nachricht Multi-institutional collaboration uncovers how molecular machines assemble
02.12.2016 | Salk Institute

nachricht Fertilized egg cells trigger and monitor loss of sperm’s epigenetic memory
02.12.2016 | IMBA - Institut für Molekulare Biotechnologie der Österreichischen Akademie der Wissenschaften GmbH

All articles from Life Sciences >>>

The most recent press releases about innovation >>>

Die letzten 5 Focus-News des innovations-reports im Überblick:

Im Focus: Novel silicon etching technique crafts 3-D gradient refractive index micro-optics

A multi-institutional research collaboration has created a novel approach for fabricating three-dimensional micro-optics through the shape-defined formation of porous silicon (PSi), with broad impacts in integrated optoelectronics, imaging, and photovoltaics.

Working with colleagues at Stanford and The Dow Chemical Company, researchers at the University of Illinois at Urbana-Champaign fabricated 3-D birefringent...

Im Focus: Quantum Particles Form Droplets

In experiments with magnetic atoms conducted at extremely low temperatures, scientists have demonstrated a unique phase of matter: The atoms form a new type of quantum liquid or quantum droplet state. These so called quantum droplets may preserve their form in absence of external confinement because of quantum effects. The joint team of experimental physicists from Innsbruck and theoretical physicists from Hannover report on their findings in the journal Physical Review X.

“Our Quantum droplets are in the gas phase but they still drop like a rock,” explains experimental physicist Francesca Ferlaino when talking about the...

Im Focus: MADMAX: Max Planck Institute for Physics takes up axion research

The Max Planck Institute for Physics (MPP) is opening up a new research field. A workshop from November 21 - 22, 2016 will mark the start of activities for an innovative axion experiment. Axions are still only purely hypothetical particles. Their detection could solve two fundamental problems in particle physics: What dark matter consists of and why it has not yet been possible to directly observe a CP violation for the strong interaction.

The “MADMAX” project is the MPP’s commitment to axion research. Axions are so far only a theoretical prediction and are difficult to detect: on the one hand,...

Im Focus: Molecules change shape when wet

Broadband rotational spectroscopy unravels structural reshaping of isolated molecules in the gas phase to accommodate water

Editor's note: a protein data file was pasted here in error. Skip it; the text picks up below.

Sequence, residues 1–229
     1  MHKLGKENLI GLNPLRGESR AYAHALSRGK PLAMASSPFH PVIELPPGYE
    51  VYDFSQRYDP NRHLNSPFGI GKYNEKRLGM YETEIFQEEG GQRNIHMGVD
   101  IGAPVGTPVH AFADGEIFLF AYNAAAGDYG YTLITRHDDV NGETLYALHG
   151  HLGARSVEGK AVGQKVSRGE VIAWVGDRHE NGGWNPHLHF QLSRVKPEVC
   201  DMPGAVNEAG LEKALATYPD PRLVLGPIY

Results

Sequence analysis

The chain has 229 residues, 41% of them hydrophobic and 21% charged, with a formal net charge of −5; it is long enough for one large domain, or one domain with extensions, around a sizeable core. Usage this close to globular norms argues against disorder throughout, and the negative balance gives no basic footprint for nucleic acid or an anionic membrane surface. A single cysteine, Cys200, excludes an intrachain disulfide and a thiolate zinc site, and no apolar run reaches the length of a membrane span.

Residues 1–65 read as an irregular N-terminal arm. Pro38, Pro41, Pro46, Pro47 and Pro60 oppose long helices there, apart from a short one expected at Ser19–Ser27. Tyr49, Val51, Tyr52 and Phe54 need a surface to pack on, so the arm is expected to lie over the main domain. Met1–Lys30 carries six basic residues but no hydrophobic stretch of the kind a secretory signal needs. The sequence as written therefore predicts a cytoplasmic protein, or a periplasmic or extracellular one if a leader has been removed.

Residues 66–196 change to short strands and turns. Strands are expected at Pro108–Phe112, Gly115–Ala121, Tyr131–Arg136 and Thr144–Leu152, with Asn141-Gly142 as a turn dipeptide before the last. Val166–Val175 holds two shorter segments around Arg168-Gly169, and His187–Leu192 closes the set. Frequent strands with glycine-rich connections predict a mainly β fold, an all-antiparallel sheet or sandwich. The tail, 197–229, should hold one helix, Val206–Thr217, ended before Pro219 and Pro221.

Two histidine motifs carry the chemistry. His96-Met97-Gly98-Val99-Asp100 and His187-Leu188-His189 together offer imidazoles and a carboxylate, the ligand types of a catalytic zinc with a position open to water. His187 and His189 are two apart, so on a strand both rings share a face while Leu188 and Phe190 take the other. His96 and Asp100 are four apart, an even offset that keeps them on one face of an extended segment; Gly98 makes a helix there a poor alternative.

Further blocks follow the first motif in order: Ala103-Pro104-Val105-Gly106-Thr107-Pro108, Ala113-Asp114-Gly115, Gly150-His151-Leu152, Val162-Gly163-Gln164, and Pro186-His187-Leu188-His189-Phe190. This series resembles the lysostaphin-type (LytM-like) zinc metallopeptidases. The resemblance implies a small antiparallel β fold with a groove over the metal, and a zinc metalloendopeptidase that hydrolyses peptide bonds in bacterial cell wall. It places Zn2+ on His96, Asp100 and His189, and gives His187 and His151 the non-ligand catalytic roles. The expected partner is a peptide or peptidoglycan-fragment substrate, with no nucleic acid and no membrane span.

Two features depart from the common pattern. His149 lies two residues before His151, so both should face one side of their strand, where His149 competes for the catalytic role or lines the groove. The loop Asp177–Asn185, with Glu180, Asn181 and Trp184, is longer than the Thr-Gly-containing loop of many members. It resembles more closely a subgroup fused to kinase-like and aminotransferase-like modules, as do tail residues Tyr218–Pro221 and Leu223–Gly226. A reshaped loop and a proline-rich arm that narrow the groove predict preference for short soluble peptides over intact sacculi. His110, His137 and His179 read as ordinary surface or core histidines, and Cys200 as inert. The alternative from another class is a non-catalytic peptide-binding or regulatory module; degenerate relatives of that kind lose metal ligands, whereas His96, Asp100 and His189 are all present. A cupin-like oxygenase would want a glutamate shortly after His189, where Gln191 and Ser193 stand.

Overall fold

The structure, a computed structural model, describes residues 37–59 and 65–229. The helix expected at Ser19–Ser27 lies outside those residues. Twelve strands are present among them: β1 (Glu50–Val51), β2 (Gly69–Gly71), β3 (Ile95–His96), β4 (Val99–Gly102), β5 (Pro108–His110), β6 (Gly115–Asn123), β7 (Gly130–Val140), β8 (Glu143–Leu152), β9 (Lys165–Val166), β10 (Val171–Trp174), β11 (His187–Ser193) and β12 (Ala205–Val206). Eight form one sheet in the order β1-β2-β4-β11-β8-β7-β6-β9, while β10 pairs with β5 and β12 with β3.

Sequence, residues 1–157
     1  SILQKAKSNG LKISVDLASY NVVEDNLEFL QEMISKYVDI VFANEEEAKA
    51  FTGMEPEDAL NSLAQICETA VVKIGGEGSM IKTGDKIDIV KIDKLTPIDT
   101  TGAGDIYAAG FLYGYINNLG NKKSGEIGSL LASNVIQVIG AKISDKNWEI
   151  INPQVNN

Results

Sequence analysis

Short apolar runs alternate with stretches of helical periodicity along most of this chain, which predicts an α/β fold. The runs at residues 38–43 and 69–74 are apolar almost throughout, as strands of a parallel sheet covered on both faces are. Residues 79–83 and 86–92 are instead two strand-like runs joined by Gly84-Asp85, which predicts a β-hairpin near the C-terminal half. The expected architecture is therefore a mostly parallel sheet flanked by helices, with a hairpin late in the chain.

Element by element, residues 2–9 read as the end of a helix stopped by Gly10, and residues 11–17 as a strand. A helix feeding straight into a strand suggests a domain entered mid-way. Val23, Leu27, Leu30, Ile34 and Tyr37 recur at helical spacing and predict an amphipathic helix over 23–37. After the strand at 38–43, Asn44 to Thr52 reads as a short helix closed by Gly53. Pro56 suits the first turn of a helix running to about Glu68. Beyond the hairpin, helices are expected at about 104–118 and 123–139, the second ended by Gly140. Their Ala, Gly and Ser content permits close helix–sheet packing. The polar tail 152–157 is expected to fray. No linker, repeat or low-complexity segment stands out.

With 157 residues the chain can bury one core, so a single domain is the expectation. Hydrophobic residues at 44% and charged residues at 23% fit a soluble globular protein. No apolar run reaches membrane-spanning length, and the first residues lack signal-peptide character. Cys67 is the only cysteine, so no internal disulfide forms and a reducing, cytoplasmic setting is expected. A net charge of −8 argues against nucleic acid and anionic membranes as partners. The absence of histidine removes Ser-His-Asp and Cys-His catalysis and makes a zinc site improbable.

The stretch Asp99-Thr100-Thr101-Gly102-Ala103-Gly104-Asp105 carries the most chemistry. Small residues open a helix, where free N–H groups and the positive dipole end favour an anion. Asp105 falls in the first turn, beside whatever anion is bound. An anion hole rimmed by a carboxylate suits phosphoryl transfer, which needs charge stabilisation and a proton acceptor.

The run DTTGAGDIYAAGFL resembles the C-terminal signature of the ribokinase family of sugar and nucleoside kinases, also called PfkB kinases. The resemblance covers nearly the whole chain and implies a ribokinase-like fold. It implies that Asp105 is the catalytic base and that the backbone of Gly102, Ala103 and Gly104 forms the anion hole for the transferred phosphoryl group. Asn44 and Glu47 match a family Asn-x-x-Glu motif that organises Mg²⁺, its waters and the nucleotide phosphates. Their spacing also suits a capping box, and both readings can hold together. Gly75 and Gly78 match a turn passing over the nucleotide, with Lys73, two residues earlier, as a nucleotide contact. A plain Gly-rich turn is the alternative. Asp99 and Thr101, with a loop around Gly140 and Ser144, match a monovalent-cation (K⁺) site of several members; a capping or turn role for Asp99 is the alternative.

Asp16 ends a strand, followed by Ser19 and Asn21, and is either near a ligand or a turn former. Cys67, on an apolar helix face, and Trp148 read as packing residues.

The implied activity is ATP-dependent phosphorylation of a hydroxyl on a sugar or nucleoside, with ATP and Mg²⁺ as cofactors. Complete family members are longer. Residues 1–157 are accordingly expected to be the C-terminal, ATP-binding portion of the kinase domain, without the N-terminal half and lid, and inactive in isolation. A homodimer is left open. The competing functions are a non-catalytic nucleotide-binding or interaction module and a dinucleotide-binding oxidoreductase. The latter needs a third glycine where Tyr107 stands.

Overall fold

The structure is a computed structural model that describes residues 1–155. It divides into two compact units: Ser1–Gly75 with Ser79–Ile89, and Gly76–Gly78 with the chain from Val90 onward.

In two recent publications in the Journal of Chemical Physics and in the Journal of Physical Chemistry Letters, researchers around Melanie Schnell from the Max...

Im Focus: Fraunhofer ISE Develops Highly Compact, High Frequency DC/DC Converter for Aviation

The efficiency of power electronic systems is not solely dependent on electrical efficiency but also on weight, for example, in mobile systems. When the weight of relevant components and devices in airplanes, for instance, is reduced, fuel savings can be achieved and correspondingly greenhouse gas emissions decreased. New materials and components based on gallium nitride (GaN) can help to reduce weight and increase the efficiency. With these new materials, power electronic switches can be operated at higher switching frequency, resulting in higher power density and lower material costs.

Researchers at the Fraunhofer Institute for Solar Energy Systems ISE together with partners have investigated how these materials can be used to make power...

All Focus news of the innovation-report >>>

Anzeige

Anzeige

Event News

ICTM Conference 2017: Production technology for turbomachine manufacturing of the future

16.11.2016 | Event News

Innovation Day Laser Technology – Laser Additive Manufacturing

01.11.2016 | Event News

#IC2S2: When Social Science meets Computer Science - GESIS will host the IC2S2 conference 2017

14.10.2016 | Event News

 
Latest News

UTSA study describes new minimally invasive device to treat cancer and other illnesses

02.12.2016 | Medical Engineering

Plasma-zapping process could yield trans fat-free soybean oil product

02.12.2016 | Agricultural and Forestry Science

What do Netflix, Google and planetary systems have in common?

02.12.2016 | Physics and Astronomy

VideoLinks
B2B-VideoLinks
More VideoLinks >>>